The remarkable range of activities undertaken by the Observatory is possible only because of the breadth and depth of the staff’s expertise and their devotion to the NRAO missions and the astronomical community. I am impressed on a daily basis by the talent and dedication of the NRAO staff in West Virginia, New Mexico, Arizona, Virginia, Chile, and elsewhere. As I noted in the April 2003 Newsletter, a symphony makes great music only if all its musicians play well together and, similarly, the NRAO must function well as “one Observatory.” In reviewing the past two years in my mind’s eye, it is gratifying to see the concrete evidence of the positive change this approach has brought to the NRAO. Communication and coordination across the Observatory continue to improve among our far-flung staff and facilities.
This improvement has been especially noticeable in software development. Software development is now driven specifically by the needs of ALMA, EVLA, GBT, and the overall goal of end-to-end user support (from proposal submission to data archive). The Observatory has established mechanisms to ensure all these project-driven efforts are coordinated Observatory-wide to optimize efficiency and effectiveness. Close attention is required to assure the success of this very important and challenging effort within the NRAO.
There is, of course, a great deal more to do and the NRAO must continue to evolve to meet the challenges of the future. Over the past several years, the Observatory has been improving its management practices to deal with the significant increase in scope of its responsibilities. These efforts have included the establishment of the NRAO Program Management Office (PMO) to provide modern tools for project management, provide accurate cost and schedule data for our entire portfolio, and organize monthly Observatory-wide program reviews. Another important development has been the successful revision of the Scientific Staff Policy, clarifying the career paths and responsibilities of NRAO scientists, optimizing the impact of their expertise and experience on the Observatory’s missions.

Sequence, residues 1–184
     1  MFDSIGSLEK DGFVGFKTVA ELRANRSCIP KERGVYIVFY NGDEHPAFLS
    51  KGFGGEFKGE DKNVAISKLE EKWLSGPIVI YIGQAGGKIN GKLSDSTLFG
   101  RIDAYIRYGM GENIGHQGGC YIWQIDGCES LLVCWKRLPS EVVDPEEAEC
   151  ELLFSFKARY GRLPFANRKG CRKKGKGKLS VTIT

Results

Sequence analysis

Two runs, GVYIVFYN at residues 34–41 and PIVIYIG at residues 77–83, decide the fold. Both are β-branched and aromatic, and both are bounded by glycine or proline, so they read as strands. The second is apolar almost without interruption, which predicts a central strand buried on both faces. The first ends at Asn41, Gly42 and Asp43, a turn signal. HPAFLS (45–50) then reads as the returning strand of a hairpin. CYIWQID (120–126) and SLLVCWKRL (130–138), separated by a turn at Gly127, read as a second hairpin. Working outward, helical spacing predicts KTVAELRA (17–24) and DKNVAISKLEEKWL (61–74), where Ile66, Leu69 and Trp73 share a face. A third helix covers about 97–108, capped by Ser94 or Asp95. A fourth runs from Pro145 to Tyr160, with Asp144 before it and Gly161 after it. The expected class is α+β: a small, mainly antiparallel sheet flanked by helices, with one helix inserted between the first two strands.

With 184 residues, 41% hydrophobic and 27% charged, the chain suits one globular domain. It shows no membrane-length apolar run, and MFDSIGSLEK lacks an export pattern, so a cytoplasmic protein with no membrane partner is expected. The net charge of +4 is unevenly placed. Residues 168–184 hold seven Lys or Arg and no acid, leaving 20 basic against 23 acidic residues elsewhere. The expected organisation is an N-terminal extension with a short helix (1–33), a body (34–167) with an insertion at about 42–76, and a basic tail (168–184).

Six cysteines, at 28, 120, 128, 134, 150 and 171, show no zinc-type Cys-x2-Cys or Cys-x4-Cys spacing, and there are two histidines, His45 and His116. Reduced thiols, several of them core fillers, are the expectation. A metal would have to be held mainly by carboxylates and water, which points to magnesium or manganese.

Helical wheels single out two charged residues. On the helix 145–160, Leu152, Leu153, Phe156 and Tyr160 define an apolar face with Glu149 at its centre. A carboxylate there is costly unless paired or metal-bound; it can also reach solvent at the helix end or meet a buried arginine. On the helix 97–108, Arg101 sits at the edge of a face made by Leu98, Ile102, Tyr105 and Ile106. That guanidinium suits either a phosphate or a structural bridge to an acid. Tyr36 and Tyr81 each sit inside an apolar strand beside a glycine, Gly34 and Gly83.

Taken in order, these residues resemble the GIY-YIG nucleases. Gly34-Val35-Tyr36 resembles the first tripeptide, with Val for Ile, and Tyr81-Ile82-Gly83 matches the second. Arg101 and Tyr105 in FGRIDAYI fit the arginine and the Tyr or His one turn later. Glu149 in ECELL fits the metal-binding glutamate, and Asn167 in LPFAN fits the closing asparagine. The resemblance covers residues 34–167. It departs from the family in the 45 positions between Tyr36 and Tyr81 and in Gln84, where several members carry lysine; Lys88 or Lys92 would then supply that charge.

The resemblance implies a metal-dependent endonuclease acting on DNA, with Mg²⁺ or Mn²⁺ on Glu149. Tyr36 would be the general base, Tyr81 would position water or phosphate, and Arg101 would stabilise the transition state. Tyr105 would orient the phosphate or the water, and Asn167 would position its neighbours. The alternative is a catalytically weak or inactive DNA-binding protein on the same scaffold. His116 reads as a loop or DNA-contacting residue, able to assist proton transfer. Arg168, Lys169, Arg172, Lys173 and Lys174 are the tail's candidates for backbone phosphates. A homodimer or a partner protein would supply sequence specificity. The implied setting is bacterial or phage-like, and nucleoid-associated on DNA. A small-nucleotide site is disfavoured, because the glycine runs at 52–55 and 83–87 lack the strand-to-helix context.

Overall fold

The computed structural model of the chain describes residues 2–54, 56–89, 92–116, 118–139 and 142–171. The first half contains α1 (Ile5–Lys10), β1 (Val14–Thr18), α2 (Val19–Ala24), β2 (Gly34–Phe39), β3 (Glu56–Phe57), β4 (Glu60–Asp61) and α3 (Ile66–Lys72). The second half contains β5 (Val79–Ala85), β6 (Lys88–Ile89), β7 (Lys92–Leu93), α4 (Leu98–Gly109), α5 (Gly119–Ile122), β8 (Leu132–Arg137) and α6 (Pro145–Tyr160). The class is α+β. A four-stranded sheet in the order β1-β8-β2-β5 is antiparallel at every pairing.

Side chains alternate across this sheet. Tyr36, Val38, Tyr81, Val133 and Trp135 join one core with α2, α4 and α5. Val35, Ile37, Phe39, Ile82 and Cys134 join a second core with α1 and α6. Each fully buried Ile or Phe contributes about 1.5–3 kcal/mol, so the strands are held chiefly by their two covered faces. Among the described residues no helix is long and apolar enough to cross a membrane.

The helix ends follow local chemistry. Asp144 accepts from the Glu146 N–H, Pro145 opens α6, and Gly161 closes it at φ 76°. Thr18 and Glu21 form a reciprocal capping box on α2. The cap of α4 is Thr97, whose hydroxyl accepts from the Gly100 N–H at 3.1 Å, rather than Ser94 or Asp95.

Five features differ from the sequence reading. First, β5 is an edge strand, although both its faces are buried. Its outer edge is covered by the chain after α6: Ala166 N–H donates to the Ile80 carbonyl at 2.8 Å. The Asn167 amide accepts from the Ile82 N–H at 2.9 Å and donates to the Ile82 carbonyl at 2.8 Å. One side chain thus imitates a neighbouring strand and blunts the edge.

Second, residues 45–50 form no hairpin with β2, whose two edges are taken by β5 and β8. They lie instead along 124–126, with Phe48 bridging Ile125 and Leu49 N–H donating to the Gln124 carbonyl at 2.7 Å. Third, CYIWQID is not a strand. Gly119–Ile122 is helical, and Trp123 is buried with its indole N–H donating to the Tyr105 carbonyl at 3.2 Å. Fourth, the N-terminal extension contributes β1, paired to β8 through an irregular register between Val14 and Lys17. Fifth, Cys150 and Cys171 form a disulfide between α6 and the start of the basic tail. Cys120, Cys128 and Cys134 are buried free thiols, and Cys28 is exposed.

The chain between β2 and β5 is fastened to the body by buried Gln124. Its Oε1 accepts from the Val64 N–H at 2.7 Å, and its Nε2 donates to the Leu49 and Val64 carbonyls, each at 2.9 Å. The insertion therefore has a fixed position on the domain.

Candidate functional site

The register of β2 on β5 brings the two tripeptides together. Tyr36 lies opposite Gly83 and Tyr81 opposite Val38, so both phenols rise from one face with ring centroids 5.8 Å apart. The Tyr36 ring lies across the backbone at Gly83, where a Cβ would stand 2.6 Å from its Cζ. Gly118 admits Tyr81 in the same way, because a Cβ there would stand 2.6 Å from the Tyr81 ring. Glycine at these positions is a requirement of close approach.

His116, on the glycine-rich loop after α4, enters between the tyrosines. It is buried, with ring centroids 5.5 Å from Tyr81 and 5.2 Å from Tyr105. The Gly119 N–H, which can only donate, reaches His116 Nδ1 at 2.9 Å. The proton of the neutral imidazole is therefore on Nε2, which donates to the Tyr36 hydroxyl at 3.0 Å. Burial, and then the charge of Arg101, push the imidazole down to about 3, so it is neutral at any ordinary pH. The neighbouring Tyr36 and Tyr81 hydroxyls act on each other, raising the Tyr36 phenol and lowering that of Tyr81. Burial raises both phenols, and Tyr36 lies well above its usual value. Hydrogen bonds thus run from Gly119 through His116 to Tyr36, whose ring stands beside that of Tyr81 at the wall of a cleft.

Assessing radio astronomy and the NRAO from the vantage point of January 2005, I see a bright future, but also complexity and challenges, including an uncertain and difficult funding environment. Not surprisingly, the U.S. federal deficit is creating political friction and financial pressures that seem certain to constrain budgetary growth for U.S. astronomy in the near-term future, especially in the National Science Foundation which funds the NRAO and ground-based astronomy. Nevertheless, despite these trials of the moment, this is an era of great opportunity, and there is much to celebrate in the astronomical community.
The NRAO staff is proud of what they have accomplished and welcome what will undoubtedly be an equally challenging future. They are forward-looking and continually striving to enable the broadest range of research for all astronomers.